Once the much-anticipated nighttime slack-tide period nears, Knie changes his tactics. “I’m usually chunking bait with my 12’ heavy power St. Croix Avid Surf rod (VSC120HMF2) during these magic times… it’s rated for 16 ounces and is the real deal when it comes to putting these bait rigs where I need them, as well as fighting the beasts after they’re hooked,” says Knie, who most often employs 8/0 hooks with 30-inch 100-pound or even 150-pound fluorocarbon shock leaders connected to 80-pound braided mainline. “These are the freak individuals that many people never expect to catch; they usually destroy gear and escape, but not from me; I’m ready and equipped to beat them.”
Whether playing the daytime blitz or the nighttime hunt for leviathans, Knie delivers one final tip. “Because there is so much bait around, you’ve got all these different species and sizes, you’re going to be changing your lures a lot trying to match the hatch,” he says. “It’s important to have a Power Clip setup so you can change lures very quickly and be able to get back into the strike zone before the window of opportunity closes.”
Legendary surf angler, fishing author and guide, Shell E. Caris, has been surf fishing for over 60 years.
Shell E. Caris
“I caught a 28-pound striper when I was 10 years old and I’ve never given up the pursuit since,” Caris says. The Ocean County, New Jersey resident lives just 20 minutes from Island Beach State Park, an 11-mile stretch of dune-lined barrier-island North Atlantic beach featuring scalloped shorelines with diverse cuts, impressions, points and sloughs. It’s an angling playground that Caris says fishes best in fall.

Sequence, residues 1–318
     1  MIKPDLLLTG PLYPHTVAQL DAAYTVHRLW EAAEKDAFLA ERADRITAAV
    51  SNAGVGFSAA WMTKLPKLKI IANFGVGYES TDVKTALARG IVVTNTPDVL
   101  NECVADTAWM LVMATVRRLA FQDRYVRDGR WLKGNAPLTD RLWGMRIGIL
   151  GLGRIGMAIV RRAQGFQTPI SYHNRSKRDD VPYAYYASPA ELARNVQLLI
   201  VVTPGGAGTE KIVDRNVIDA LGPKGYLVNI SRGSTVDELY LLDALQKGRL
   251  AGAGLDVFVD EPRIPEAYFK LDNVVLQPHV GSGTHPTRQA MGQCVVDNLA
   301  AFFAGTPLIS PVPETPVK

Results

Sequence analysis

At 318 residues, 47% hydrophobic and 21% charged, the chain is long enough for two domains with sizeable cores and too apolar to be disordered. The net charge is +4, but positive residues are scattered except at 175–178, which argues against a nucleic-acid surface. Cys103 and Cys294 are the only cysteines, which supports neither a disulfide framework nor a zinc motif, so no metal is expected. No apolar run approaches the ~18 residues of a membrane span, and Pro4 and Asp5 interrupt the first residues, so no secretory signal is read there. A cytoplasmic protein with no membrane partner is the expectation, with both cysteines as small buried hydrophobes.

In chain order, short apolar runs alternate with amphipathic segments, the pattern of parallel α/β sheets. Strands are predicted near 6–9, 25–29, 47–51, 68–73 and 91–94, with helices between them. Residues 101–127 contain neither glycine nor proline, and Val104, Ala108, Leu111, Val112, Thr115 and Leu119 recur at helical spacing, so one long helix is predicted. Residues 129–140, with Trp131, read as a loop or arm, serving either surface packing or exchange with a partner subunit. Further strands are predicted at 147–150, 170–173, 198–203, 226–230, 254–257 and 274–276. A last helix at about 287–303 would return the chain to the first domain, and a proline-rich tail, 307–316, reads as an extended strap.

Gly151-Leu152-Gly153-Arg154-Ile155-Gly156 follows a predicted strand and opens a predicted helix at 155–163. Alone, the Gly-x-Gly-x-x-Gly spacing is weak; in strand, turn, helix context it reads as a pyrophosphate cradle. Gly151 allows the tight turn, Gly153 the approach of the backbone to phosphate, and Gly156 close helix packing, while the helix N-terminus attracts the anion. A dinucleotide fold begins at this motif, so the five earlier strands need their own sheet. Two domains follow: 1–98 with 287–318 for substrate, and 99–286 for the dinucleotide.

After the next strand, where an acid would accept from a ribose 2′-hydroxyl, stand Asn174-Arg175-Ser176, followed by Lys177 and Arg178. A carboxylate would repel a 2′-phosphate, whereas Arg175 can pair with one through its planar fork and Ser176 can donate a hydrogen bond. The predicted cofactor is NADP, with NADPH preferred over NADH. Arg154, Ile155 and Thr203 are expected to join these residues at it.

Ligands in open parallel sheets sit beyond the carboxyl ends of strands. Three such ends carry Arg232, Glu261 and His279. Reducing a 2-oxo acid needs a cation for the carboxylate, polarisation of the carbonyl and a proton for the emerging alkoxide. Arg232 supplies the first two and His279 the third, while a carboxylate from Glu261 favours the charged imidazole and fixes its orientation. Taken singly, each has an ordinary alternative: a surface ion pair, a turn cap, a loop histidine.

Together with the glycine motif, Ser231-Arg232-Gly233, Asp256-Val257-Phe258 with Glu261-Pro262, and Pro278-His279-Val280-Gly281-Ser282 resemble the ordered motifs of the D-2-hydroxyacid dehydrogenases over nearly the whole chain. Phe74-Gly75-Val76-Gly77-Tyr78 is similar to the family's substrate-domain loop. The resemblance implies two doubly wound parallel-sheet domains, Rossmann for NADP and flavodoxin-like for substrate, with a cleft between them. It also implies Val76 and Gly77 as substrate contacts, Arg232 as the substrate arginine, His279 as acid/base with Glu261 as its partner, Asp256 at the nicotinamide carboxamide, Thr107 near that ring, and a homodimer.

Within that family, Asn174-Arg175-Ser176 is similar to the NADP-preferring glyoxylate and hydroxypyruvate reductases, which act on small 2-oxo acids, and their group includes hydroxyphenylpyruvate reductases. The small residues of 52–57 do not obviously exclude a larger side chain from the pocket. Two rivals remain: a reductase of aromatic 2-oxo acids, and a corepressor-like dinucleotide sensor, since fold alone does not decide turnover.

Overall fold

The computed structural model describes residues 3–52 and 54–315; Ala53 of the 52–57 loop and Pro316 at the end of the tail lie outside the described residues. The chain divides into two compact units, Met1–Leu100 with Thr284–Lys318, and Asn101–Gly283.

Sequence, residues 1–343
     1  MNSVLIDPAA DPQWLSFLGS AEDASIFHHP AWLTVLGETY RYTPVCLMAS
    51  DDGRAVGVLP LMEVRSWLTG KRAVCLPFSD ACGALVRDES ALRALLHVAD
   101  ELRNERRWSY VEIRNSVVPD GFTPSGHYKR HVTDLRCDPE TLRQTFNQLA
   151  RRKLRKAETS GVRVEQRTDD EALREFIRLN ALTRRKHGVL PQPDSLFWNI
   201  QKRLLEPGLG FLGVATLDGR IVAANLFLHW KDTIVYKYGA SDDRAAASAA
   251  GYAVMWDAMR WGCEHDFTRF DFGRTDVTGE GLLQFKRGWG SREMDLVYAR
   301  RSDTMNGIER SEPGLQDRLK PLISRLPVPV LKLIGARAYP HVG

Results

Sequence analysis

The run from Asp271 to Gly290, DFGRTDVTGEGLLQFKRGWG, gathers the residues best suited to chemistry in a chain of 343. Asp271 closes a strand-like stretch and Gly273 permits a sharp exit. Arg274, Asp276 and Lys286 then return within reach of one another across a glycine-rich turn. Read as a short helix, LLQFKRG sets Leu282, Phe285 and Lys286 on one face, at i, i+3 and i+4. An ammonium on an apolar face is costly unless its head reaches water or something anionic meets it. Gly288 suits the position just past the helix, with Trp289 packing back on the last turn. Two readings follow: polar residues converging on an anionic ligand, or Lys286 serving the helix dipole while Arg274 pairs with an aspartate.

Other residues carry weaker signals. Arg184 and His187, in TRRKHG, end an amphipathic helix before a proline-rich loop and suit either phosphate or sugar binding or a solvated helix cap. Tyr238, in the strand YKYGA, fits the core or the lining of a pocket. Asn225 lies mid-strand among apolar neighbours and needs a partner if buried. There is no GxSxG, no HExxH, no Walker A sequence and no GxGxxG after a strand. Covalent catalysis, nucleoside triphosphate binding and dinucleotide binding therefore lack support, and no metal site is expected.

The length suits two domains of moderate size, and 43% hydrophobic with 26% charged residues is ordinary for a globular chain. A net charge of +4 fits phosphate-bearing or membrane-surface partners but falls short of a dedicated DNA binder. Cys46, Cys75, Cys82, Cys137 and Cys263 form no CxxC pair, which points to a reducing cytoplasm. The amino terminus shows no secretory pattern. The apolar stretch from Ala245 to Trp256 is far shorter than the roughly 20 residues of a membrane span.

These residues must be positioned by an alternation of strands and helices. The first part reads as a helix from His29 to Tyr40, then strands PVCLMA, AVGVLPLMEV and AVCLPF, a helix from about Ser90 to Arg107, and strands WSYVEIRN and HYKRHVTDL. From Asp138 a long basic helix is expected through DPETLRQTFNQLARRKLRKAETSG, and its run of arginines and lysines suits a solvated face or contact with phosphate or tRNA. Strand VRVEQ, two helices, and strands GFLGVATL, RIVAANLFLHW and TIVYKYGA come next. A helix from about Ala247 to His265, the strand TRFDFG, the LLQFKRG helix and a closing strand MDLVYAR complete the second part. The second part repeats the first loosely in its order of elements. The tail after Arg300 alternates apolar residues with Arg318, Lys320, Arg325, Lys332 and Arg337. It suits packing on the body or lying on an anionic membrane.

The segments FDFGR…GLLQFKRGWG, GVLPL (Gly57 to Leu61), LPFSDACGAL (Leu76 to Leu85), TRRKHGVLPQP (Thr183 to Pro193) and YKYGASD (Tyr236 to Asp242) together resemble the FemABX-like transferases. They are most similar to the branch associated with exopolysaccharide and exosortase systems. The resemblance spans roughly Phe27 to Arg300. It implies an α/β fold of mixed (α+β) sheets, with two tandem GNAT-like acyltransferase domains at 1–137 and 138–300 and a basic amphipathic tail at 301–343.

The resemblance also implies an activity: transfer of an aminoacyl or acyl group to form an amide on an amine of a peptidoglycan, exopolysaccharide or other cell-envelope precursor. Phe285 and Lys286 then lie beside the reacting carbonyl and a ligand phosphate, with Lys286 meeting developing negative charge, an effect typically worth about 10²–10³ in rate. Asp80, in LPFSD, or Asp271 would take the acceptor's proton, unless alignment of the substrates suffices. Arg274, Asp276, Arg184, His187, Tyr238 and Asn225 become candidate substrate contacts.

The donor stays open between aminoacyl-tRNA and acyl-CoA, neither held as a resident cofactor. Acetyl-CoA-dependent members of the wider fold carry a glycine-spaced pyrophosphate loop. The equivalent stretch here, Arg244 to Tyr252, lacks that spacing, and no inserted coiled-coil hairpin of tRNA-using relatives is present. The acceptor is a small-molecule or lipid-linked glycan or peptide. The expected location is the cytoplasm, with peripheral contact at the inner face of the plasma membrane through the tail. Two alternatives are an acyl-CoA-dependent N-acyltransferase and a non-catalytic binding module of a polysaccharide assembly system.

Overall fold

“Separated from the mainland by about three miles of Barnegat Bay, Island Beach is a fisherman’s paradise,” Caris says. “There’s a lot of prime water, and the fact that they allow four-wheel-drive vehicles on the beach means anglers enjoy great mobility. That’s a huge benefit. We spend a lot of time driving this time of year looking for signs of active, feeding fish.”
Caris says mullet are the primary forage that feed stripers, blues and false albacore along Island Beach State Park throughout September. “We’ll get that first significant cold front of the year and the mullet seem to leave the bays and backwaters almost overnight,” he says. “But the water has been warmer than normal later into fall the past few years,” he adds, “so it’s not always an exact science. The season seems to get better for stripers later now… October and into November. That’s when you start seeing the peanut bunker, adult bunker, rain bait and sand eels show up off the beaches. Prime time is often early October when air temperatures start to drop and we get a light northeast wind ten to 20 that comes in and churns up the water a bit and creates more oxygen. That’s what brings the bait in and the stripers show up in numbers.”